Honey I Forgot To Increase Earnings Estimates: How Tax Reform Will Impact Earnings

First, it was the holidays. Then flu season hit. Next, the weather turned snowy. With all that’s been going on recently, many Wall Street analysts have been out of pocket for the past few weeks. Now, they’re back in the office and trying to catch up.

Earnings estimates, anyone?

We have been talking about how tax reform will impact earnings. As Wall Streeters have trickled back into the office, preliminary reports have trickled down on the new tax plan’s influence.

Check Out: The Personal Side of Tax Reform’s Corporate Cuts

Just as a refresher, we care about earnings and estimates because they make up the lion’s share of what drives our 401(k)’s. The most straightforward way to think about earnings is this: earnings are the foundation of where markets trade.

Let’s look at some numbers. I’m rounding here, but this is what you need to know about earnings:

1. In 2017, the S&P 500 earned about $130.

2. Estimates for 2018 were set at $145, which represents an increase as companies continue to operate and grow. But this number didn’t include any influence from tax reform.

3. Now, 2018 estimates are rapidly rising fueled by passage of the GOP tax package.

4. With the new tax plan in place, many experts have added another $10 to their earnings estimates. We could argue that $20 is more accurate. As you can see, we are talking about significant growth here. Twenty dollars on top of $145 is an almost 15% increase. That’s not small potatoes. Compared to 2017’s earnings value, it’s a 27% increase – from $130 all the way to $165.

That extra $20 comes from lower tax rates, the new territorial tax system, and a few other variables.

But we have to remember that there is also a cost to corporations under the reform. Under the act’s “deemed repatriation” requirement companies are now required to pay tax on cash they have stashed overseas. This provision will likely result in a $10 reduction of the earnings projection. Deemed repatriation is expected to touch a collective $2.6 trillion in overseas cash held by American companies. This number is so big because it represents years of business profits that were previously exempt from taxation.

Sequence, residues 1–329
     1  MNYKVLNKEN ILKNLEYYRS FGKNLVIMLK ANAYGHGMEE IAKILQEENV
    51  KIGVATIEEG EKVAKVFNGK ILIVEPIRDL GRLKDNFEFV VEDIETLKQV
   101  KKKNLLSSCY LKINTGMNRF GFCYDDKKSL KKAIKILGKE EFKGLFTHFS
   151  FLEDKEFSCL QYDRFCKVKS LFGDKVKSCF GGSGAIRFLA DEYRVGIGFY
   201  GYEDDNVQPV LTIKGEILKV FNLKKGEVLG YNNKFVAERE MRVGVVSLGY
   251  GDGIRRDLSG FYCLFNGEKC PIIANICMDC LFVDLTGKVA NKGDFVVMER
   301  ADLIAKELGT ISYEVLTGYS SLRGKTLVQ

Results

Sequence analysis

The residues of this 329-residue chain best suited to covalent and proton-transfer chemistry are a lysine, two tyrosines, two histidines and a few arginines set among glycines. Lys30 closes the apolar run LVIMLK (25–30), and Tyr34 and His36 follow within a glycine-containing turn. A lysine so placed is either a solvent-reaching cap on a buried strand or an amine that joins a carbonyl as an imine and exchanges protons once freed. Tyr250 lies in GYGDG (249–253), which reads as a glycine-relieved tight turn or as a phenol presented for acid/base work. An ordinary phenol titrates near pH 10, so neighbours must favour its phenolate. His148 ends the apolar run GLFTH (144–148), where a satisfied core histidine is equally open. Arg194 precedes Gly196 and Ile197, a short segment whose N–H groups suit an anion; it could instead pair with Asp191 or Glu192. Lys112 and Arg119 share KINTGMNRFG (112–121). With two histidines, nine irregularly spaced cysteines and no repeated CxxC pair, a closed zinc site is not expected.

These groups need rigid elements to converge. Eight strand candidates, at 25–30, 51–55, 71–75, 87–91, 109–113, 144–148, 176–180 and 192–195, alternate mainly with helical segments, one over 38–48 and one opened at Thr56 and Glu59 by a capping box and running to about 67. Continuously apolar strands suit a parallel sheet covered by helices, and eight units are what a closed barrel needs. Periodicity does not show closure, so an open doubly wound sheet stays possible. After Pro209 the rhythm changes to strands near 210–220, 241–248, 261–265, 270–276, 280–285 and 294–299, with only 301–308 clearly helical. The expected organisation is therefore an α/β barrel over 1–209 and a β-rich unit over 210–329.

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To recap, we have forward momentum for businesses and the accompanying economic growth getting us from 2017’s $130 value up to the 2018 estimate of $145. Then we have another $20 from tax reform, putting the value at $165. If we back out the one-time cost of deemed repatriation ($10), then we’re set at $155. This represents a 19% year-over-year increase in earnings. And, realistically, we could even end up at $160 as our final number, meaning we could see even more growth and prosperity.

If we choose just to ignore the $10 deduction for deemed repatriation because it’s a one-time item, we can make a solid argument for the whole $165 in earnings.

To go a step further, let’s take the current S&P 500 level, which is about 2800, and divide this number our $165 estimate. Now, we are talking about trading at 16.9 – 17.0 times forward earnings. This isn’t exactly expensive. And here we see why our current market has been marching forward.

There’s more good news. Our outline above this doesn’t consider the $120 billion in tax cuts that are coming to American families. No doubt, we as consumers will choose to spend this money, or perhaps invest in a small business. Looking at the whole pie here, we see that the way forward seems to offer an even healthier economic cycle than we’re already enjoying.

Sound too good to be true? Let’s consider a real example of tax reform in action. Verizon last week revealed that it expects savings from tax reform will add $3.5 billion to $4.0 billion to its operating cash flow this year. That amounts to a boost in earnings by about 55 cents to 65 cents a share for the year.

Can you hear me now?

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